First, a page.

Mechanistic understanding of mammalian mRNA turnover remains incomplete. We demonstrate that the 3' to 5' exoribonuclease decay pathway is a major contributor to mRNA decay both in cells and in cell extract. An exoribonuclease-dependent scavenger decapping activity was identified that follows decay of the mRNA and hydrolyzes the residual cap. The decapping activity is associated with a subset of the exosome proteins in vivo, implying a higher-order degradation complex consisting of exoribonucleases and a decapping activity, which together coordinate the decay of an mRNA. These findings indicate that following deadenylation of mammal mRNA, degradation proceeds by a coupled 3' to 5' exoribonucleolytic activity and subsequent hydrolysis of the cap structure by a scavenger decapping activity.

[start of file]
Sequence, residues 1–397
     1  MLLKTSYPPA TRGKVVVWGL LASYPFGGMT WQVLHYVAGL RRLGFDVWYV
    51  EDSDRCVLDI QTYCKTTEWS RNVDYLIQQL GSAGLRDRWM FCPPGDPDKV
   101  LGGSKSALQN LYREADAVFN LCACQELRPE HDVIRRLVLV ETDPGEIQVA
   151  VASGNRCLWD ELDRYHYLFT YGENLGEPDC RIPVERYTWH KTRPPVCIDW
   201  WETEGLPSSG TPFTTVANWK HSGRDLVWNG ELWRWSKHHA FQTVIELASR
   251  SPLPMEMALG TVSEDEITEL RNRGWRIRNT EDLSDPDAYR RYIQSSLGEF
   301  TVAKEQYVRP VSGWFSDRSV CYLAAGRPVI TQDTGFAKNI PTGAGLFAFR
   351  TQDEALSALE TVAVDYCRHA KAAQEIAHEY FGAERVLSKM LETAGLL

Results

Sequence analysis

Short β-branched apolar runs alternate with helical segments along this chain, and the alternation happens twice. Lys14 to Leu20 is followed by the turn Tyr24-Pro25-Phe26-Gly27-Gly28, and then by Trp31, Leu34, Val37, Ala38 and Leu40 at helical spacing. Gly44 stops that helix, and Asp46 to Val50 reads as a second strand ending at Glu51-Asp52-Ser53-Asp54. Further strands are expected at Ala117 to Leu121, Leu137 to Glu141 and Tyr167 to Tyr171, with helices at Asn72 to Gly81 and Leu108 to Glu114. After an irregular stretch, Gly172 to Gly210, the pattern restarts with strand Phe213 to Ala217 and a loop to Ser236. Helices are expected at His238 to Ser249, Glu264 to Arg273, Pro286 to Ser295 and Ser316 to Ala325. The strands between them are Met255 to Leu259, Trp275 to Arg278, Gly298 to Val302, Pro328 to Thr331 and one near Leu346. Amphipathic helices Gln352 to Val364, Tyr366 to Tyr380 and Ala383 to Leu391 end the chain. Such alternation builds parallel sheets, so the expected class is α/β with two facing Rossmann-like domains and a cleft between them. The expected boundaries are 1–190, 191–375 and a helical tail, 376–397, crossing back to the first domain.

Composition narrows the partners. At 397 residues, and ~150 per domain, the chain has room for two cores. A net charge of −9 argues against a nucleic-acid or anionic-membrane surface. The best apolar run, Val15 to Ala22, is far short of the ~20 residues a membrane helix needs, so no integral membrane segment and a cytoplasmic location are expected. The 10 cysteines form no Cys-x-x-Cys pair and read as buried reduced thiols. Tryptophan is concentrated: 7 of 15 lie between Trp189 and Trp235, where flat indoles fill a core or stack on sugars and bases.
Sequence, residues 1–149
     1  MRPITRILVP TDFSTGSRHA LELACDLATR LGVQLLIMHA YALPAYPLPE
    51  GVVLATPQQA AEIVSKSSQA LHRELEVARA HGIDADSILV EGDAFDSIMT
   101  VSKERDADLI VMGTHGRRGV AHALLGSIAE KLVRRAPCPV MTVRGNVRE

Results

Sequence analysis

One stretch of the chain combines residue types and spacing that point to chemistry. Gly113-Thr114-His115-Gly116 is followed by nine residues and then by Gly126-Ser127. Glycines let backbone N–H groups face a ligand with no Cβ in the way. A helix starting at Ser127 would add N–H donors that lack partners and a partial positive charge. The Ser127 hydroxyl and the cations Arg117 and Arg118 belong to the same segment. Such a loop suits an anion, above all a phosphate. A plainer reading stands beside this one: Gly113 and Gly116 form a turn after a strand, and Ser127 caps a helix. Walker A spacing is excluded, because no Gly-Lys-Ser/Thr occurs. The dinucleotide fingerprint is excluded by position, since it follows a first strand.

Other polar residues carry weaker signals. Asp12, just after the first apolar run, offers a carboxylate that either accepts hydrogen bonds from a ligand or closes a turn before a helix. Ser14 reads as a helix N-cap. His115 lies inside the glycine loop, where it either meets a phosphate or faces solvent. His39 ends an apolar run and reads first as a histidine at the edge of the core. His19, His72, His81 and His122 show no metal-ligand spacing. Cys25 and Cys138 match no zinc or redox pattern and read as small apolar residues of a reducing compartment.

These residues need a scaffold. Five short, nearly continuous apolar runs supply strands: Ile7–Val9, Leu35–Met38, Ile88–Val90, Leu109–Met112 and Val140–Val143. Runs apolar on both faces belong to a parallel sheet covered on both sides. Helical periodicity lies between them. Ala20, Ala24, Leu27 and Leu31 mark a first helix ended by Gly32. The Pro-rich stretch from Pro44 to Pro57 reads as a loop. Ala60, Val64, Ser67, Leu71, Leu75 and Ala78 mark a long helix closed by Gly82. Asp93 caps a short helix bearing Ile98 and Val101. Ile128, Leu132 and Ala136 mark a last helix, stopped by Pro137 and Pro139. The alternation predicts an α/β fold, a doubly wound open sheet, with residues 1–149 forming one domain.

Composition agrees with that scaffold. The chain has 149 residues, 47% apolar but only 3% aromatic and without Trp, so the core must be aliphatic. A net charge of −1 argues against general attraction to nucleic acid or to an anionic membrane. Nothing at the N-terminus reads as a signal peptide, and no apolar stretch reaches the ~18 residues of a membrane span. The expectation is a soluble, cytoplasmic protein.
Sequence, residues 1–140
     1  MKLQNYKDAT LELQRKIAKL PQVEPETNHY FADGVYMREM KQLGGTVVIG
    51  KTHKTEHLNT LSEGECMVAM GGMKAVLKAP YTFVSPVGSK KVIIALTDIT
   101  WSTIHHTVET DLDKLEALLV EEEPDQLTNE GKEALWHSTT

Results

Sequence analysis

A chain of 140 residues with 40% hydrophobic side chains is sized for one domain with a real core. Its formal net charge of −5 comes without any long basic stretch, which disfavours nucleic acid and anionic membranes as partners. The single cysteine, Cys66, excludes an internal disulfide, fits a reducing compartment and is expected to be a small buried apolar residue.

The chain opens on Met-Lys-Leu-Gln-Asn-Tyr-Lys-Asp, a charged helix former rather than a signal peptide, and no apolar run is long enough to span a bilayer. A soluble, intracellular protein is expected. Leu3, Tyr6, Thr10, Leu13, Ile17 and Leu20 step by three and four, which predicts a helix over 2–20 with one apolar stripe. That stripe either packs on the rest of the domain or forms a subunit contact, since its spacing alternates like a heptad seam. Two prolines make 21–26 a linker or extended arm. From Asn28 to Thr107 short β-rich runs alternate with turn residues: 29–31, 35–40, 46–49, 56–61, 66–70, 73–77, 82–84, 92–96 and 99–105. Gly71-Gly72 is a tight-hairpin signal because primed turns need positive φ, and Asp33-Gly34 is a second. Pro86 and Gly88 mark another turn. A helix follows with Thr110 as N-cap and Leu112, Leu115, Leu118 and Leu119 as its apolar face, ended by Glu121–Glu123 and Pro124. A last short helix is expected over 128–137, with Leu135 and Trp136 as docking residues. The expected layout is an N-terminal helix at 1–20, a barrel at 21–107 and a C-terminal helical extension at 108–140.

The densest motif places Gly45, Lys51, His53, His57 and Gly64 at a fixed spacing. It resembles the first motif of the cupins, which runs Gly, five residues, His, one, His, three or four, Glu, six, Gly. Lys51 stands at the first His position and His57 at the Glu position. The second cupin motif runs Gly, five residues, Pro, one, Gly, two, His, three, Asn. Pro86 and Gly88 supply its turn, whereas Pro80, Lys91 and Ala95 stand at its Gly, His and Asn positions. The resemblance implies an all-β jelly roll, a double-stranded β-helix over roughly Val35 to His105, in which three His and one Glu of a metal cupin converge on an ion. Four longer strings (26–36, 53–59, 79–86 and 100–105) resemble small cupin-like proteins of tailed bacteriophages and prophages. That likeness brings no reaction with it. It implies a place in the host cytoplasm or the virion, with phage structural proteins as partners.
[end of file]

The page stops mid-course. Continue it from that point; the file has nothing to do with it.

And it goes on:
|Evidence ID||Analyze ID||Interactor||Interactor Systematic Name||Interactor||Interactor Systematic Name||Type||Assay||Annotation||Action||Modification||Phenotype||Source||Reference||Note|
|Evidence ID||Analyze ID||Gene||Gene Systematic Name||Gene Ontology Term||Gene Ontology Term ID||Qualifier||Aspect||Method||Evidence||Source||Assigned On||Reference||Annotation Extension|
|Evidence ID||Analyze ID||Gene||Gene Systematic Name||Phenotype||Experiment Type||Experiment Type Category||Mutant Information||Strain Background||Chemical||Details||Reference|
|Evidence ID||Analyze ID||Regulator||Regulator Systematic Name||Target||Target Systematic Name||Experiment||Conditions||Strain||Source||Reference|